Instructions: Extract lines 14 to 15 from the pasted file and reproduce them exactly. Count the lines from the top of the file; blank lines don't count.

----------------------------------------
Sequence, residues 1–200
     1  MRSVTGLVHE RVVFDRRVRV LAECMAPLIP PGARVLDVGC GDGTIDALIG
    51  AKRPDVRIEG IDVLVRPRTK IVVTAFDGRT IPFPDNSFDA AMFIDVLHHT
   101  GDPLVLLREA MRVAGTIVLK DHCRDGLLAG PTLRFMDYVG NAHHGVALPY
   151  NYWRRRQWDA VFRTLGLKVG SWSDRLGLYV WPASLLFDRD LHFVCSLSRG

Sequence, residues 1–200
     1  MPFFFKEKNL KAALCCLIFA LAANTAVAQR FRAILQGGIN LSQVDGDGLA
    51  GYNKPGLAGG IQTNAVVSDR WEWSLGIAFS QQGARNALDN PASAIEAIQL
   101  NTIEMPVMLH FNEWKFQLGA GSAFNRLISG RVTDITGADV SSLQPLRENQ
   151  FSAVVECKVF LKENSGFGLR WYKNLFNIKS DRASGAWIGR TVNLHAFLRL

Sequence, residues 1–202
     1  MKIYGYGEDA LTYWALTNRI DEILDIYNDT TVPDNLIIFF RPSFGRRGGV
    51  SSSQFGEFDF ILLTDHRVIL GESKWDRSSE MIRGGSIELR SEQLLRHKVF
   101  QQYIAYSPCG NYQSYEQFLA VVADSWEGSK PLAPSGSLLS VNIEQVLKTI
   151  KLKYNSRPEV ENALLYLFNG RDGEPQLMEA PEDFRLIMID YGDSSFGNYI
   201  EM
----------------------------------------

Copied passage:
   101  QQYIAYSPCG NYQSYEQFLA VVADSWEGSK PLAPSGSLLS VNIEQVLKTI
   151  KLKYNSRPEV ENALLYLFNG RDGEPQLMEA PEDFRLIMID YGDSSFGNYI